Published on 07/01/2013

A Limited Supply of Rules Questions

...or, I'm Going to Hell For That Pun

Cranial Translation
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Note: This article is over two years old. Information in this article may be out of date due to subsequent Oracle and/or rules changes. Proceed with caution.

Dancing the fine line
between 'making history' and
you history' since 2005.
Those of you who attended Grand Prix Las Vegas just over a week ago know just how incredible an experience it was to be part of not just the largest Magic tournament ever held, not just the largest TCG tournament ever held, but quite possibly the largest single card game tournament of all time, held in a room the size of two football fields and bringing together over 4,500 players for three full days.

Needless to say, a lot of Magic was played in those three days. And a lot of Modern Masters boosters were opened in those three days. And a lot of rules questions were asked about the contents of those boosters in those three days. Even if you weren't able to come to the Grand Prix, maybe you can be there in spirit by reading them. Or something. That makes sense, right? Sure, we'll go with that.

All of these questions are guaranteed direct from the floors of GP Vegas, but even if you're not on a GP floor, you can get answers to your own questions (whether they're about Modern Masters or otherwise) by emailing them to or tweeting them to @CranialTweet. And hey, they may just show up in a future article!

Q: Does my opponent get a goblin token from his Mogg War Marshal when I use Path to Exile on it?

A: No. Mogg War Marshal's ability triggers when the Marshal 'dies', which means 'put into a graveyard from the battlefield'. Exiling the Marshal puts it into exile, not the graveyard, so its ability doesn't trigger.

Q: I chump block with Myr Retriever and Etherium Sculptor, so they die at the same time. Can I bring back the Sculptor with the Retriever's ability?

A: Yes. Both creatures die at the same time, and the Retriever's ability is put onto the stack immediately after that happens. At that time, the Sculptor is in your graveyard and therefore a legal target for the ability.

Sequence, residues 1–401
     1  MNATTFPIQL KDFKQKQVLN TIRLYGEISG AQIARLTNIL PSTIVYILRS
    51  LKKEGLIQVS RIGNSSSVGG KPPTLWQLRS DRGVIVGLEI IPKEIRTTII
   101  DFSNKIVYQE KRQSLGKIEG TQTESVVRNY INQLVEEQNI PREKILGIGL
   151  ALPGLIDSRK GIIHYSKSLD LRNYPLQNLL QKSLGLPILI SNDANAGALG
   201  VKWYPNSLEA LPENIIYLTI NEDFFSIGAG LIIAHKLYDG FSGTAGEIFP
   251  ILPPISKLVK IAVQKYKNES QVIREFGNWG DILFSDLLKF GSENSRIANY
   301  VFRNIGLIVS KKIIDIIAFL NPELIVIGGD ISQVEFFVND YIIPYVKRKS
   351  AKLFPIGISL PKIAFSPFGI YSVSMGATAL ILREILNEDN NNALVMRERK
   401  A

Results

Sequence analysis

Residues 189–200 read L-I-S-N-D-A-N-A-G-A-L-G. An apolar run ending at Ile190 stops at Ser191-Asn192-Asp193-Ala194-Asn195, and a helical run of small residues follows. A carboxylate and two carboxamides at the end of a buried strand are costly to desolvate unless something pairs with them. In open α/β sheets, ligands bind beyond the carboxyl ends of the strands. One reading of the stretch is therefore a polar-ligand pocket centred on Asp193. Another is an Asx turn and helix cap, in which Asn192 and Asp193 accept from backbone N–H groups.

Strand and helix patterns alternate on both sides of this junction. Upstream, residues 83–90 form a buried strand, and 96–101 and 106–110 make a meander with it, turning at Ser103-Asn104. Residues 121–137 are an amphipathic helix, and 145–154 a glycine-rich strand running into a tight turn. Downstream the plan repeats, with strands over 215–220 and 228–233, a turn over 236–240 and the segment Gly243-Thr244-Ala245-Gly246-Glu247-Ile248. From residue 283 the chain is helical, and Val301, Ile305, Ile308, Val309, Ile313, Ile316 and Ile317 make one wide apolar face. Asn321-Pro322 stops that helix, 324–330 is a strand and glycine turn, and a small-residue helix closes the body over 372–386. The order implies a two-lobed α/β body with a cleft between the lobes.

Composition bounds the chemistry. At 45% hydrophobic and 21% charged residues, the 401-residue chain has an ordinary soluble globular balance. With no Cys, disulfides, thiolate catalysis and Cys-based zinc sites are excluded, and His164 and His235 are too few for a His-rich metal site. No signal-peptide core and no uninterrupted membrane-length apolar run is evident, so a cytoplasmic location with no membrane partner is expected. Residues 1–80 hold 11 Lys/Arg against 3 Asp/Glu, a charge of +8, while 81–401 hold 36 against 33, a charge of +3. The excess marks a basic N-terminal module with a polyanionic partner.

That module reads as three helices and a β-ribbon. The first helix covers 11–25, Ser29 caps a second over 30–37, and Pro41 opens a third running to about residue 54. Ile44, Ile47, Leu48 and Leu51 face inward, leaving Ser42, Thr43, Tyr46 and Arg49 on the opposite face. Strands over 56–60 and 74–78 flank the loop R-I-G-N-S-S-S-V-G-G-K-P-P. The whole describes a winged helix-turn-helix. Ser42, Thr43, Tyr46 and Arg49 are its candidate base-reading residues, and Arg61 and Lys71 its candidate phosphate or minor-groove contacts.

Q: I control a Doubling Season. What happens when my Murderous Redcap dies and persist triggers?

A: Persist will return the Redcap to the battlefield, but thanks to Doubling Season it will have not just one, but two -1/-1 counters on it. This means it will be a 0/0 creature, and will die immediately as a state-based action. The Redcap's ETB ability will trigger, but when it goes to check the Redcap's power, it will see that the Redcap had 0 power when it was last on the battlefield, and so won't deal any damage.

Q: My opponent alpha strikes, and I can't block enough creatures to survive. Can I give my blockers lifelink with Stir the Pride to save myself?

A: Sadly, no. Giving your creatures lifelink would indeed have saved you, because life from lifelink is gained as damage is dealt, but unfortunately for you Stir the Pride doesn't actually give anything lifelink.

Stir the Pride actually works by granting your creatures a triggered ability that triggers at the time damage is dealt, which only gains you life later, when that ability resolves. But you've already died and the game is over before that can happen.

People think it's the cards like Humility
that cause the most confusion.
Nope. It's ones like this.
Q: I block Sporesower Thallid with my Amrou Seekers and cast Test of Faith to save them. Will the +1/+1 counters let the Seekers kill the Thallid?